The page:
Many people interested in WW2 and aviation have probably seen The Memphis Belle, a movie by Michael Catton Jones released in 1990. This beautiful film was also pretty accurate, and beyond paying tribute to the crews flying the B-17s flying fortresses, it described in a realistic way all what could happen to them during a bombing mission over Germany.
The crews of the 8th Air Force based in England had to accomplish 25 missions before being being withdrawn from the European Theater of Operations (ETO) and get back to the States. But this was a frightening roulette russe game. During 1943 and until the beginning of 1944, these bombers where shot down by the Germans between their 8th and 12th mission. In average. Many of them returned from only three, four or six missions. A great many did not return from the first one. The crews were formed of ten people, and some formations were composed of 1000 planes or more. Two or three hundreds of them were sometimes lost in one single operation.
These aviators were the combatants the most exposed to death. In the infantry, there were four or five men injured for one dead in combat. Among bombardiers, four or five dead for an injured. Between their first mission in August 1943 and their last one, on Mai 8, 1945, the forty bombers groups of the 8th Air Force lost 4145 planes.
On May 17, 1943, the Memphis Belle crew was the first one to complete its 25 missions. So goes anyway the popular belief thanks to the filmography devoted to this event. But the historic truth is that another B-17, the Hell’s Angel, had reached this goal on May 13 of the same year.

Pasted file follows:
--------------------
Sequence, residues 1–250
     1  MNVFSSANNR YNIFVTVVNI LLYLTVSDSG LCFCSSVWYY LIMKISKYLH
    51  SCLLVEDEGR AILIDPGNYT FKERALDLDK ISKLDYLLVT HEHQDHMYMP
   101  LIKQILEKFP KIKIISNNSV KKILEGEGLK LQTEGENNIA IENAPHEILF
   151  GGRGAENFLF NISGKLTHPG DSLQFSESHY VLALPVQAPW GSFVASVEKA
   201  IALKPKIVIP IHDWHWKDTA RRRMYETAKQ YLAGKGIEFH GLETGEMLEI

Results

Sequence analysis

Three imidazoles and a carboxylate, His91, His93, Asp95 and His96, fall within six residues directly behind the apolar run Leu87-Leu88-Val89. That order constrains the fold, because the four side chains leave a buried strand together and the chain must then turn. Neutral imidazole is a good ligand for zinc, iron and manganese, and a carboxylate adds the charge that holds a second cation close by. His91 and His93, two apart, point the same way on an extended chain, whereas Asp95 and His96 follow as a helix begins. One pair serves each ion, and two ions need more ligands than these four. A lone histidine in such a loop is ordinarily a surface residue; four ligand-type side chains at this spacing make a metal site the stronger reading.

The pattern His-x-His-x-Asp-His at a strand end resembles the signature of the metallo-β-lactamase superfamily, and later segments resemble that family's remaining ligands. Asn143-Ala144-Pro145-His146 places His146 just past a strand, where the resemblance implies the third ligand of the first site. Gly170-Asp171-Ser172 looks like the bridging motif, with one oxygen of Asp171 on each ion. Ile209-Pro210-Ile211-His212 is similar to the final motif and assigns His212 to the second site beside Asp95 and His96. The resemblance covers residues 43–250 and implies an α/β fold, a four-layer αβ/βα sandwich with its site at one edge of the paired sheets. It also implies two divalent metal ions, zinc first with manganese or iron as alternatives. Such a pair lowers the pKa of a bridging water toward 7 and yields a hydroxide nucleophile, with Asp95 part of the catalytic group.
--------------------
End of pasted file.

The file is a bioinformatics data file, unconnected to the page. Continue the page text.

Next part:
It remains that the feat of the Memphis Belle and her crew was at the time the subject of a film by the Hollywood director William Wyler (Ben Hur, Mrs Miniver, Roman Holiday). Meant to encourage the war effort in the US, this documentary makes the spectator realize the ordeal that these airmen went through. Especially by the end of the film (from the 27th minute). The men on the base, anguished and counting the planes returning one by one. The ambulance wagons, racing across the fields toward those big birds sometimes so terribly damaged that you wonder just how they could fly back all the way from over Hamburg or Stuttgart, to take away the injured and the dead. The pilots, navigators and machine gunners who return unscathed… but you can see hell in their eyes. It’s poignant.
Equally poignant is another film made by another Hollywood star, the actor Clark Gable : Combat America. Also a propaganda film, this one expresses perhaps better than The Memphis Belle all the intensity of the combats and the dangers that the B-17s had to cope with before and after being able to drop their bombs. William Wyler and Clark Gable really showed great courage in flying on several occasions on these planes during missions over Germany. This link on the problems encountered by Wyler and his team during the shooting bears witness to that.
Mission accomplished, the Memphis Belle and her crew returned to the States. They landed the Belle on different airfields across the country to promote the war effort and were welcomed as heroes. Then the glorious fortress was for a long time left abandonned in a hangar. For several years know, this mythic plane has been under restauration at the National Museum of the US Air Force, in Ohio.
Lieutenant John Phillippe Garreau, the hero of my novel The Legend of Little Eagle, is a fighter pilot on a P-51 Mustang. On his first mission in March 1944, his group accompanies a formation of B-17s to protect them on their way onto Germany. The prologue of the book tells what happened that day of baptism of fire, when Johnny scored two victories against ennemy aircraft.